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Adv Inorganic Chemistry I

by: Houston Kovacek

Adv Inorganic Chemistry I CHM 448

Marketplace > Marshall University > Chemistry > CHM 448 > Adv Inorganic Chemistry I
Houston Kovacek
GPA 3.78


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This 0 page Class Notes was uploaded by Houston Kovacek on Sunday November 1, 2015. The Class Notes belongs to CHM 448 at Marshall University taught by Staff in Fall. Since its upload, it has received 19 views. For similar materials see /class/233290/chm-448-marshall-university in Chemistry at Marshall University.

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Date Created: 11/01/15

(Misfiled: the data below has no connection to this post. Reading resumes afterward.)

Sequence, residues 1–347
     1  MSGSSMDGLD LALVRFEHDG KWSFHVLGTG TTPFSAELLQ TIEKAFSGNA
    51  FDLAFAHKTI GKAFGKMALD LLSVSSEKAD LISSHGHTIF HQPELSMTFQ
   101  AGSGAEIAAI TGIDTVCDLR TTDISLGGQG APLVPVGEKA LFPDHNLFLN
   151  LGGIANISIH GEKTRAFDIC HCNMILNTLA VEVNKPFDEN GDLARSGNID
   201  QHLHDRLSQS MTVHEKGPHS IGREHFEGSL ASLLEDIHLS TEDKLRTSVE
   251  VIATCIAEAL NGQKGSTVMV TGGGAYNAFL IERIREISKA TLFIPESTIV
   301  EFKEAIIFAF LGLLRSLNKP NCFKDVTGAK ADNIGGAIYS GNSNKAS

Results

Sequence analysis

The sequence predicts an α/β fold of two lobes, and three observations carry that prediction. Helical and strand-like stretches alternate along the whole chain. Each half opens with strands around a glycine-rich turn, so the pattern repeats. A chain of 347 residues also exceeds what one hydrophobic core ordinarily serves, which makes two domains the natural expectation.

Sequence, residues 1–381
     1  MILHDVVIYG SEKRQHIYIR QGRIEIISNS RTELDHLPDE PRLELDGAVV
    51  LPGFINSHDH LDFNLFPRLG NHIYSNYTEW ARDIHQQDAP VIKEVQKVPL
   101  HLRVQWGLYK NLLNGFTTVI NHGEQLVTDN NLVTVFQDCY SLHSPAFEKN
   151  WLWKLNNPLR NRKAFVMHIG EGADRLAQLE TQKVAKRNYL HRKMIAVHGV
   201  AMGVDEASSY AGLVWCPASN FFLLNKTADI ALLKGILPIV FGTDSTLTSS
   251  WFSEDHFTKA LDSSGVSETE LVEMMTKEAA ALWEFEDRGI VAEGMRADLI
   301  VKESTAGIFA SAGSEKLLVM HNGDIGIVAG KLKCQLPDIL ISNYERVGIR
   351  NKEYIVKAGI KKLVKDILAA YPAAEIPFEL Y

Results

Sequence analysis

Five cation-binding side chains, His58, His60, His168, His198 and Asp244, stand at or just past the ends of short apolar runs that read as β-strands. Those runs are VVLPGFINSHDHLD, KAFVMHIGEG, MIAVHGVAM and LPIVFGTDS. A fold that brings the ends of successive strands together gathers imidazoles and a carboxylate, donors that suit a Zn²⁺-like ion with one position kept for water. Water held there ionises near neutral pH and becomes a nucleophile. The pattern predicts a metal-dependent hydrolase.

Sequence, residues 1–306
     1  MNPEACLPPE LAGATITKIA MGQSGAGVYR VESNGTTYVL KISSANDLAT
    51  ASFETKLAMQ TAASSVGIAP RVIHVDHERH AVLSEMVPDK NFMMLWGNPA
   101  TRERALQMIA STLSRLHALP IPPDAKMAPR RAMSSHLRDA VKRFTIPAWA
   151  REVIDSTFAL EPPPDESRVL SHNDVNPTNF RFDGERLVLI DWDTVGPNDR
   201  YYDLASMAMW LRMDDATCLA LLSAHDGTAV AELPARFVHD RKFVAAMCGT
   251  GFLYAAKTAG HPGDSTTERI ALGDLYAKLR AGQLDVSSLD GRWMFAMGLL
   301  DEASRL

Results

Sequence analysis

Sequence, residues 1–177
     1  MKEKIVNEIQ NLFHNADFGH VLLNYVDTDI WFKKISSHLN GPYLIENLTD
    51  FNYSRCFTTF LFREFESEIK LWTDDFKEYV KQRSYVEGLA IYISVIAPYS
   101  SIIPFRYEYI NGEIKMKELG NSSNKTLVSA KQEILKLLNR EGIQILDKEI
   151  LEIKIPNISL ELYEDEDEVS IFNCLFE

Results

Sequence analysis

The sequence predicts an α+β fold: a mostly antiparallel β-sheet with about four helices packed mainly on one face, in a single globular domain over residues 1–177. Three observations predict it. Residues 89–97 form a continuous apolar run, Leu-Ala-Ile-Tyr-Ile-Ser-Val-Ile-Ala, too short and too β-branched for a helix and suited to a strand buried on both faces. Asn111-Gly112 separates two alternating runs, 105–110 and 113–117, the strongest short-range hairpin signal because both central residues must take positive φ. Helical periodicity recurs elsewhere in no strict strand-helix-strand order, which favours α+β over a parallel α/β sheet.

Aluminum Discovered HC Oersted in 1825 Name From alum used by ancient Greeks and Romans as an astringent and as a mordant in dyeing Sir Humphrey Davy proposed the name aluminum but changed it to aluminium to have it conform to the spelling of other metals This spelling was used in the US until 1925 when the ACS when back to the original spelling The rest of the world uses the ium ending Occurrence It is the most common metallic element in the earth39s crust occurs in many different forms in nature some of which are bauxite cryolite Na3AlF6 micas feldspars vermiculite diaspore AlOZH gibbsite AlOH3 garnet Ca3A12SiO43 beryl Be3AIZSi6018 turquoise A12OH3PO4HZOCu corundum oc A1203 other A1203 with impurities are ruby CrIH topaz FeIH sapphire and oriental emerald Bauxite deposits are common Large reserves are found in Australia Africa Brazil Central America Guinea and Jamaica Isolation Bauxite AlOZHmHZO is dissolved in molten NaOH 1200 C and is precipitated with C02 then dissolved in cryolite at 950 C and electrolyzed Bayer process Cost of 1 gram 1 mole 004 113 Natural Isotopes 27A1 100 Physical and Relatively low melting point Chemical High electrical conductivity Properties Soft Low density Silvery white in color Non magnetic Corrosion resistant Highly malleable and ductile Reactions 2 Al 6 HCl A 2 A1C13 3 H2 2 A1OH3 4A A1203 3 H20 Uses Alloys for building construction transportation containers and packaging electrical power lines cookware etc A135ZrOH115C13239tzO39glycine is the active ingredient in some antiperspirants A1203 is a major component of Portland cement Beryllium Discovered By L N Vauguelin in 1798 as the oxide isolated in 1828 by F Wohler and A B Bussy independently Name From beryl the mineral it was originally isolated from Beryl is derived from the Greek word beryllaus which is the precious stone form of beryl It is also called glucinium from the Greek work glykys for quotsweetquot Beryllium compounds tend to have a sweet taste See note at bottom Occurrence It is relatively non abundant in the Earth39s crust concentrated in pegmatite rocks last part of granite to crystallize Aquamarine and emerald are precious forms of beryl Largest deposits are in South America and South Africa Isolation beryl NaZSiF6 LDC BeFZ BeF2 Mg mooc Be MgF2 Cost for 1 gram 1 mole 254 2289 Natural Isotopes 9Be 100 Physical and High melting point Chemical Silvery white in color Properties Soft Very low density for a metal Relatively non reactive e g polished Be remains shiny indefinitely Chemically different from other Alkaline Earth metals eg rarely forms ionic compounds cold concentrated HNO3 deactivates beryllium Reactions With only one or two exceptions the compounds of beryllium are always covalent Be X2 M BeX2 X F Cl Br I 2 Be 02 ML 2BeO Uses Alloy with copper used in aircraft engines electronics and spacecraft Alloy with nickel used in high temperature springs and spark proof equipment Moderator in nuclear reactors Windows on X ray tubes Nate Beryllium is very toxic BeCl2 is about 6 times more poisonous than NaCN by weight Also the effects may be permanent or may occur years later For example skin burns may remain open indefinitely This is truly nasty stuff This may be because it replaces Mg in some enzymes Boron Discovered Sir Humphrey Davy J L Gay Lussac and LJ Thenard in 1808 Name Borax Carbon source chemical similarity Occurrence Although boron is a rare element in nature it is concentrated in the mineral boraX also called tincal Large deposits of boraX are found in southern California and Turkey Borax N32B 4073910H20 N32 398H20 Isolation i B203 3 Mg gt 2 B 3 MgO 95 98 pure ii Electrolytic reduction of fused borates iii Reduction of volatile boron compounds by H2 Yields high purity boron 999 iv Thermal decomposition of BX3 and BnHm Cost for 1 gram 1 mole 084 908 Natural Isotopes 10B 196 11B 804 Physical and Very hard Chemical Low density Properties High melting point Very low electrical conductivity at room temperature but good at high temperature Chemically inert at room temperature except with F2 Reactions 2NaBH4 2HC1 gt 2NaC1 H2 BZH6 diborane BC13 3 H20 gt 3 HCl BOH3 boric acid BC13 NH3 A BNX arti cial diamond Uses Pyrotechnic ares green color Rocket ignitors Neutron capture in nuclear reactors 10B Antiseptic and re retardant boric acid Cleansing ux boraX Borosilicate glass Pyrex and KimaX 30 35 Arti cial diamonds BN boron nitride 93 on Moh s hardness scale Reinforcing materials boron ber composites Helium Discovered In 1868 Janssen found a new line in the solar spectrum during a solar eclipse JN Lockyer and E Frankland suggested that it arose from a new element and named it helium Sir William Ramsey first isolated helium in 1895 from a uranium containing mineral clevite Helium has the distinction of being the only element not discovered on Earth Name From the Greek word helias or ilias meaning quotthe sun because of the location of its discovery Occurrence It is the second most abundant element in the universe but one of the rarest naturally occurring elements on earth It39s only source here is radioactive decay a particle emission Earth39s gravity is too weak to retain helium so once it breaks into the atmosphere it escapes into space Isolation Distilled from natural gas up to 7 concentration Most helium is produced in the US with other plants in Poland India and the former USSR Cost of 1 gram 1 mole 014 055 Natural Isotopes 3He trace 4He 100 Physical Properties Only known substance that cannot be solidified at atmospheric pressure even at 0 K it can be solidified at higher pressure Only known substance without a triple point Has 2 liquid forms The high temperature form T gt 22 K behaves as a normal liquid Below 22 K HeII exists Under vacuum HeII evaporates but does not bubble Forms films only a few hundred atoms thick over all edges in contact with the liquid The liquid will crawl up vessel walls and out of the container to coat the entire inside of the apparatus This liquid does not appear to be subject to friction and has zero viscosity and entropy Diffuses through many common substances such as glass and rubber making long term storage difficult Colorless odorless gas Uses Provides an inert atmosphere Refrigerant or cryogenics 33 Flow gas in gas chromatography Coolant in some nuclear reactors Substitute for N2 in synthetic breathing gas for deep sea diving reduces chances of developing the bends because of low solubility in the blood Filling balloons The zero point energy the energy the molecule possesses at 0 K is large enough to overcome the intermolecular forces that are necessary for a solid to form Hydrogen Discovered Paracelsus first characterized it in the late 15th century from the reaction between iron and sulfuric acid Its discovery is credited to Henry Cavendish in 1766 although it had been isolated at as early as 1671 by Robert Boyle Name From the Greek hydra and genes meaning quotwater producer by Lavoisier Occurrence It is the most abundant element in the universe and is very abundant on Earth found in water and organic matter Isolation C3H8 g 3 H20 g A 3 C0ggt 7 H2 g A C0ltggt 120997 C02ltggt H2ltggt H20ltggt Cltsgt 4 C0ltggt H2ltggt Cost of 1 gram 1 mole 0021 042 Natural Isotopes 1H 9998 2H 002 3H trace Physical and Colorless odorless gas Chemical Flammable Properties Low solubility in most liquid solvents Lightest of all gases Becomes metallic at high pressure gt 2 megabars Uses Ammonia synthesis Haber process Hydrogenation of fats and oils Production of HCl Methanol synthesis Welding Filling balloons Fuel cells will probably consititute a major use in the future Lithium Discovered JA Arfvedson in 1817 Name From the Greek lithas meaning quotstonequot This was chosen to contrast with sodium and potassium which were originally isolated from plant matter Nate Implicit in Arfvedson39s choice of name was the observation of the chemical similarity between Li and Na K This was 50 years before the periodic table was proposed Occurrence It is relatively non abundant The most important mineral is spodumene LiAlSiZO6 with large deposits in the US Canada Brazil Argentina the former USSR Spain and Congo Isolation39 LiAlSizo we 23 LiZSO4M LiZCO3 L 2 L10 LiCl55KC145 electrolysis at 450 C produces Li metal Cost for 1 gram 1 mole 046 319 Natural Isotopes 6Li 74 7Li 926 Physical and Soft although hardest of the alkali metals Chemical Silvery in color Properties Very low density 05 gcm3 Burns crimson in ame Very electropositive Soluble in mercury amalgam and liquid ammonia Reacts directly with most other elements including N2 Highest elemental oxidation potential Reactions Only alkali metal that reacts with O2 to give the oxide 4Li 02 gt 2Li20 Only alkali metal that reacts with N2 6Li NZ gt 2Li3N Uses Anode in light weight and long life batteries Lithium stearate thickens oil into grease major use Alloy with Al used in aircraft construction Alloy with Mg used as armor plating LiOH used for C02 absorption in submarinesspace craft LiZCO3 treatment for manic depression LiClO is a bleach for commercial laundries and sanitizing swimming pools LiCl and LiBr are used as desiccants in air conditioners Magnesium Discovered It was first recognized as an element by Scottish chemist Joseph Black in 1755 Sir Humphrey Davy isolated it in 1808 Compounds were known since ancient times Name From the Magnesia district of Thessally region of eastern Greece in which magnesian stone talc was found Occurrence Common element usually found as carbonates sulfates and silicates because all are water insoluble minerals dolomite MgCaCO32 magnesite MgCO3 olivine MgFe2SiO4 soapstone talc Mg3Si4010OH2 asbestos Mg3Si205OH4 and micas Minerals are widespread Isolation a Electrolysis of MgCl2 at 750 C b 2MgO CaO FeSiLOoCgt2Mg Fe CaZSiO4 Cost for 1 gram 1 mole 016 389 Natural Isotopes 24Mg 790 25Mg 100 26Mg 110 Physical and Low density Chemical Silvery white in color Properties Very electropositive Soft Oxidation resistant Large oxidation potential Burns with a bright ame Anomalously low melting point Reactions Mg N2 A Mg3N2 Mg actually quotburnsquot in an atmosphere of pure nitrogen Only Li and Mg react directly with N2 2 Mg 02 4A 2 MgO This is the reaction that occurs in a photographic ash bulb MgClZ 2 NaOH H20 MgOH2 2 NaCl Milk ofMagnesia Chlorophyll is a magnesium containing compound Uses Construction alloys light weight useful Incendiary bombs Antacid MgOH2 Milk of Magnesia Cathartic MgSO4 Epson salts named after a town in England Grignard reagent Neon Discovered W Ramsey and MW Travers in 1898 isolated neon by the low temperature distillation of air It was identified by spectroscopic analysis of the sample Name From the Greek meaning quotnewquot Occurrence Relatively rare Majority of it is found in the atmosphere ca 1 part in 65000 but small samples are occluded in igneous rocks Abundant in the universe Isolation From the fractional distillation of air Natural Isotopes 20Ne 91 21Ne 026 22Ne 9 Cost for 1 gram 1 mole 044 871 Physical and Glows red orange in a vacuum discharge tube Chemical Low melting and boiling points Properties lnert but very limited evidence suggests that it may form a compound With F Uses Advertising signs largest use Refrigerant Lasers Sodium Discovered Sir Humphrey Davy in 1807 Name From the source element soda Na2C03 which is found in high content in a plant called Suwwad Arabic The symbol Na from Natrium comes from Neter Hebrew and Nitmm Latin which were ancient names for basic substances They became natran in 15Lh Century Europe Occurrence Widespread and plentiful in nature most common form is NaCl Utah Dead Sea oceans etc also trona NazCO3 salt peter NaNO3 mirabilite Na2S04 borax Isolation Electrolysis of NaClCaCl2 23 at 580 C Cost of 1 gram 1 mole 010 230 Natural Isotopes 23Na 100 Physical and Silvery in color Chemical Soft Properties Burns orange in ame Large oxidation potential Very electropositive Soluble in mercury Reacts directly with most elements Solutions in liquid NH3 conduct electricity Probably by Na NH3xe Dilute solutions are blue and concentrated solns are gold in color Reactions 2Na 02 gt NazO2 Uses Nate 2NaOH C02 gt NazCO3 H20 Soda ash NaOH xs CO2 gt NaHCO3 Baking Soda 4NaPb 4C2H5Cl gt PbC2H54 4NaCl 3 Pb Production of PbC2H54 anti knock gasoline additive still used in other countries Heat exchange liquid in fast breeder reactors NaOCl is used as a bleach NaHCO3 is used as baking soda an antacid in fire extinguishers as a cleaning agent and as toothpaste NaNO3 is used in fertilizer One of the primary uses of salt in the diet is in the production of HCl for your stomach The need for salt was known to the ancients Roman soldiers were issued salt during campaigns which is from where the word salary is derived Xenon Discovered W Ramsey and MW Travers in 1898 by the fractional distillation of air Name From the Greek xenas meaning quotstranger Occurrence It is 50 parts per billion in the atmosphere Isolation From fractional distillation of the air Cost of 1 gram 1 mole 289 378 Natural Isotopes 124Xe 01 126Xe 01 128Xe 19 129Xe 264 130Xe 41 131Xe 212 132Xe 269 134Xe 104 136Xe 89 Physical and Glows blue in an electric discharge Chemical lnert under normal conditions Properties Colorless odorless and tasteless gases Reactions Xe F2 4A XeFx X 2 4 or 6 XeF6 SiO2 gt XeOF4 XeOZF2 XeO3 2XeF2 2H20 gt 2Xe 4HF 02 Uses Manufacture of electron tubes stroboscopic lamps bactericidal lamps and used to excite ruby lasers for generating coherent light Bubble chambers and probes in the atomic energy field